Chichester businesses encouraged to offer refills to cut pollution
Refill Chichester is on a mission to make refilling a water bottle easy, convenient and as cheap as possible.
The group launched a new scheme to introduce refill stations on every street in Chichester city centre.
Officially launched last Wednesday at the Assembly Room in Chichester, the initiative aims to tackle plastic bottle pollution and encourage participating cafés, bars, restaurants, banks, galleries, museums and other businesses to sign up to the free Refill app to offer free water from their sites.
Diana Morgan, founder of eco retail business EcoStepbyStep, said: “Here in Chichester we’re proud of the area’s stunning landscape and beaches.
“Plastics, including single-use plastic bottles, are now the most frequently found type of litter on UK beaches and you don’t have to look far to find them littering our towns and green spaces too.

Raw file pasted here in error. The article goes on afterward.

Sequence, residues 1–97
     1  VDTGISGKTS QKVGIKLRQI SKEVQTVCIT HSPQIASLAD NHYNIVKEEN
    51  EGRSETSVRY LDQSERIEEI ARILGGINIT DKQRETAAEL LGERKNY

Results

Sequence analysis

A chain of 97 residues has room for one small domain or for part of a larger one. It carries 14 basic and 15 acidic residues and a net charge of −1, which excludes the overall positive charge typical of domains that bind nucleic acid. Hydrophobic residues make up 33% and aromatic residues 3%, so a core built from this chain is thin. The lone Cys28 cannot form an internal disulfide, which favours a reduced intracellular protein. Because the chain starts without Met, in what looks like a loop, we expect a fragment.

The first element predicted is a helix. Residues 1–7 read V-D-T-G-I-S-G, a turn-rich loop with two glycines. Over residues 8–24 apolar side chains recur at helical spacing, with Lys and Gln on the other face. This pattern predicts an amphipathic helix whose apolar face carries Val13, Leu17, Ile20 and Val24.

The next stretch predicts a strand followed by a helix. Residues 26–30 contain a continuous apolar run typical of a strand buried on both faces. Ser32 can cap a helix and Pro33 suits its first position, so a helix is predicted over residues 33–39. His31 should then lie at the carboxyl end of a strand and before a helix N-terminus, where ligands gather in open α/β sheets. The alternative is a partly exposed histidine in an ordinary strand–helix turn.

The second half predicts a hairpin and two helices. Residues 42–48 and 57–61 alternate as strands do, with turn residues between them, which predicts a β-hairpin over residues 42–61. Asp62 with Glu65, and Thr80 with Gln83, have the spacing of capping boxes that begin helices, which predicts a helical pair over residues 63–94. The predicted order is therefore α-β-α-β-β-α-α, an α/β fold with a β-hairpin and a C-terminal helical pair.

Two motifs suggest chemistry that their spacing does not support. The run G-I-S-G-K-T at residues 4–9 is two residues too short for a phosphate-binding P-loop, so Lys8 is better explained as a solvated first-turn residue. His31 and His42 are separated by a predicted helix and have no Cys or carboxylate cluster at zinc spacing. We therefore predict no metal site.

“Every time we refill a re-useable bottle instead of buying and throwing away a single-use bottle we not only reduce the amount of plastic and fuel being used, we save a bit of money and help clean up our towns and open spaces too.
“We’re so excited to see the launch of Refill Chichester, which will make it easy for people to refill re-useable bottles with drinking water.
“They simply look out for the Refill stickers or check the Refill app to find out where they can refill for free.”
Mala Nathan, Refill regional co-ordinator, said: “We’re so excited that Chichester is joining the Refill movement and making a real difference by reducing reliance on single-use plastics.
“Every time we refill a re-usable bottle we save our own money and the planet’s resources and all those individual refills add up to a huge impact.
“It’s great to see so many local businesses supporting Refill Chichester by signing up to provide free refills.”
Refill Chichester builds on the success of Refill around the UK.
It now boasts a network of more than 16,000 Refill Stations.
The group said the average adult buys more than three plastic bottles per week, which results in substantial amounts of single-use plastic waste ending up in our oceans.